Altmetric gathers article level metrics for journal articles, and provides altmetric data for publishers, institutions and researchers.
Altmetric widgets may be embedded into databases, e-journals or institutional repositories.
You can also use the Altmetric bookmarklet to view metrics for any online article with a DOI.
Altmetric gathers metrics for articles from four main types of sources:
Lustig, R. H., Schmidt, L. A., & Brindis, C. D. (2012). Public health: The toxic truth about sugar. Nature, 482(7383), 27-29.
The University of Melbourne has a subscription to Altmetric Explorer. To access please register for accounts using the University of Melbourne Altmetric Explorer link below:
We recommend creating an Altmetric Explorer account so that you can access additional functionality, such as the ability to save searches, set up Shareable Reports, set up email reports, and more.
If you are off campus you can access the database via the link above and either sign in with your existing Altmetric Explorer account, or create an account using the unique invite link available here(University of Melbourne login required). August 2018: Already have an account but are having problems logging in? Use the unique invite link above to register again and regain access.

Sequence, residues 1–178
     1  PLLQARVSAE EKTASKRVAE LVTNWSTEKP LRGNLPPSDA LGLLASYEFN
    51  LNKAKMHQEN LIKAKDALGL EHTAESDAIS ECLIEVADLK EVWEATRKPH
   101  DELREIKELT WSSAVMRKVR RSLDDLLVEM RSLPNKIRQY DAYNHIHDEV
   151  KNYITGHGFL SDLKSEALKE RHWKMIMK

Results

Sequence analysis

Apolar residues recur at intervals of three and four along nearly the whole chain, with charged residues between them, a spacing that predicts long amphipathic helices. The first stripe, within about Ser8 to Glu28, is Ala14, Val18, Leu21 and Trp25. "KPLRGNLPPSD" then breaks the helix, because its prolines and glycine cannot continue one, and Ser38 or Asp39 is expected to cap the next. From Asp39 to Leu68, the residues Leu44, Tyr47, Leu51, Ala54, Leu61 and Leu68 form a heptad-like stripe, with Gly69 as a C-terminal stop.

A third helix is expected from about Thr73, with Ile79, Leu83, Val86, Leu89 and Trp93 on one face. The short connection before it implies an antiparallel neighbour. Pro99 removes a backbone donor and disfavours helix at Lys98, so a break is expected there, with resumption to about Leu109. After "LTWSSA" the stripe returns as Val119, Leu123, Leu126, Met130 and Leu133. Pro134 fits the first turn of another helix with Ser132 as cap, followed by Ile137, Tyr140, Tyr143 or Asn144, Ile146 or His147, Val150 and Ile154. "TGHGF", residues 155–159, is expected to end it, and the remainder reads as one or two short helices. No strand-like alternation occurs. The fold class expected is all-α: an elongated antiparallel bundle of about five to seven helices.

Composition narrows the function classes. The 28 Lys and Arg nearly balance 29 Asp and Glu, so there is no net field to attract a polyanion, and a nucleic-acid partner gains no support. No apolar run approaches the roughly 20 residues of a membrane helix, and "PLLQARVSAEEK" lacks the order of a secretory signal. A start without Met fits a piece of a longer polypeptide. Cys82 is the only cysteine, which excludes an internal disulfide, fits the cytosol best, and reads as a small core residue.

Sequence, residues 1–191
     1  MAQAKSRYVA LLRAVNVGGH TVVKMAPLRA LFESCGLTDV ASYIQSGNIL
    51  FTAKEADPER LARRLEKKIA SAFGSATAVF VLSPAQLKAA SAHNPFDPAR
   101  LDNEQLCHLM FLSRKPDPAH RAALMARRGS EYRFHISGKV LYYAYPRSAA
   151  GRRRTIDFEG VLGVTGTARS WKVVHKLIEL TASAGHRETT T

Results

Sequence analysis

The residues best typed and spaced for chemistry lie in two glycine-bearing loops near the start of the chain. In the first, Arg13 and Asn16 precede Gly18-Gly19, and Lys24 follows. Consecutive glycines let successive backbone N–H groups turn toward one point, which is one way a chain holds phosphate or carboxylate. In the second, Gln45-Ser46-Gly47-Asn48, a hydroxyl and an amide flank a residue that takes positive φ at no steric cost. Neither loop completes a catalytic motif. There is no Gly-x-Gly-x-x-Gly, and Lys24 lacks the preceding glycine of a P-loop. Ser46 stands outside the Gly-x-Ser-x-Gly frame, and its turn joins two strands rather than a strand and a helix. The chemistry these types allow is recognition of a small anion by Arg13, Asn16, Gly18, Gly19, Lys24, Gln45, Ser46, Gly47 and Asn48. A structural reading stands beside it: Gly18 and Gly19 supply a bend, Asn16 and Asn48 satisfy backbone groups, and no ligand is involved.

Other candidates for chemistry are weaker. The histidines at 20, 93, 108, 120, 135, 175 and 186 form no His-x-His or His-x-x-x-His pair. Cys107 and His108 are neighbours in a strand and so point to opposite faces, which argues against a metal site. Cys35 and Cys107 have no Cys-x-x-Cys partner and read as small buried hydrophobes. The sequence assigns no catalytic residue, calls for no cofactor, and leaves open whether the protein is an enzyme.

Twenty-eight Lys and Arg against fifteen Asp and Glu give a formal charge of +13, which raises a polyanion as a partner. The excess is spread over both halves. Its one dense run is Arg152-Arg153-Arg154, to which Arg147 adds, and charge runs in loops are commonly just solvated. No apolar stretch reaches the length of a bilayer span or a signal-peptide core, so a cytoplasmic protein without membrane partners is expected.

You can use Altmetric Explorer to explore social media mentions for:
Note that Altmetric Explorer imports information on University of Melbourne authors and their publications from Minerva Elements. Therefore it is important to keep your Minerva Elements profile up-to-date.
By following these 3 easy steps you can get your research to be tracked in Altmetric Explorer.
Many databases and e-journals now have Altmetric information embedded in the pages for articles.
Look out for an Altmetric box, Am score button, Article metrics link or similar and click through for view the full article-level metrics.
If a database or e-journal does not have embedded altmetric information, you can use the Altmetric bookmarklet.
For some examples, see the databases and e-journals below:
Use the altmetric bookmarklet for a quick and easy way to view article level metrics for any online article that has a DOI: